Thankfully, the ferns that were once close to the 3rd green have since been removed, but it’s still a very tough hole to play into the wind – as are each of the next five holes, played in the same general direction. It’s only after reaching the halfway house at the 10th and turning for home that you feel slightly more in control of your golfing destiny, with the severe undulations from tee to green on the great par fours at 12 and 13 beginning the run for home.
I’m not a fan of the short par four 14th, which appears a little too contrived to me – I’d love to know if this hole is a Braid original or was it perhaps modified in the recent past? Many of the greens had just been top dressed when we played today, reducing the art of putting to lottery level, but sometimes you have to take the rough with the smooth when you’re out and about early or late in the season.
Some claim the likes of Blairgowrie (Rosemount) or Downfield could be ranked as the second best inland course in the country - behind Loch Lomond, which is out in front by a mile - whilst others think that, given time, the gargantuan layouts at Spey Valley or The Duke’s might usurp the King’s. I think the course probably punches above its weight slightly as a standalone 18-hole layout but combine it with the shorter Queen’s course and Gleneagles offers one of the best 36-hole configurations in all of Scotland.
The first is a fine opening hole which tests the golfer right from the start of the round so best to ensure that you make use of the excellent practice facilities on offer at Gleneagles. The fairway is pretty generous and just as well given that the second shot must be played up to a green perched at the top of the hill with a gaping bunker ideally placed on the slope of the hill to catch anything that is under hit – definitely a tough opener. Hole 2 differs greatly from the first in that it is all downhill, shapes from right to left from the middle of the narrow fairway and has a tricky green which slopes from the back to the front left. It was on this hole that I learned how vital it is to keep the ball in the short grass from the tee as the severity of the rough means that a ball even a few yards off the fairway is likely to result in a lost ball. The third is a bit of a quirky hole on which the blind approach must be hit at least 50 feet up in the air and over a ridge before it filters down to the two tiered green – another hole where a high score can potentially be racked up. Hole 4 is a pretty straight uphill par 4 and length (466 yards), as well as a steep slope falling off to the left of the green, is its main defence.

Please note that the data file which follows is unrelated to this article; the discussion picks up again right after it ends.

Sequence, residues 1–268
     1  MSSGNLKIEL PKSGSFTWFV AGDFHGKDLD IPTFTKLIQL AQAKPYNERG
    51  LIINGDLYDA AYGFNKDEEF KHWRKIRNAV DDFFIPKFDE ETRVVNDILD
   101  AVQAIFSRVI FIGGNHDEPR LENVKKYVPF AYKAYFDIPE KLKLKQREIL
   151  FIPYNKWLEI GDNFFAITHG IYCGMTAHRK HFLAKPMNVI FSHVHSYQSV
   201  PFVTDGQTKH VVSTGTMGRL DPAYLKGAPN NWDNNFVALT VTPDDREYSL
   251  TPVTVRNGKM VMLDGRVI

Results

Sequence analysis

The Kings Course’s first par 3 is next up and again an accurate and well struck shot is vital here. The upturned saucer style green is nestled slightly above the teeing area with four bunkers ready to catch any ball that doesn’t quite reach the small green. The sixth is a sub 500 yard par five which doglegs to the left, the main danger from the tee being the well placed bunkers either side of the fairway and of course the fierce rough. The tee shot on the seventh should disappear over a ridge to reach the fairway and leave an approach to the green but the golfer must beware of the four cross bunkers about 50 yards in front of the flattish green. The 158 par 3 eighth hole is another where the elevated green sits on a slope although the path to the green is surrounded by gorse and heather which makes the tee shot all the more daunting. The golfer must fly the ball all the way to the green or a bogey will be on the cards. The ninth may just have been my favourite hole on the front nine and yet another uphill approach to an elevated green will be required if the tee shot is struck well enough to gather at the bottom of the valley in the fairway. Unfortunately the stance is likely to be anything but even from the bottom of the valley which may bring the bunkers on the slope up to the green into play.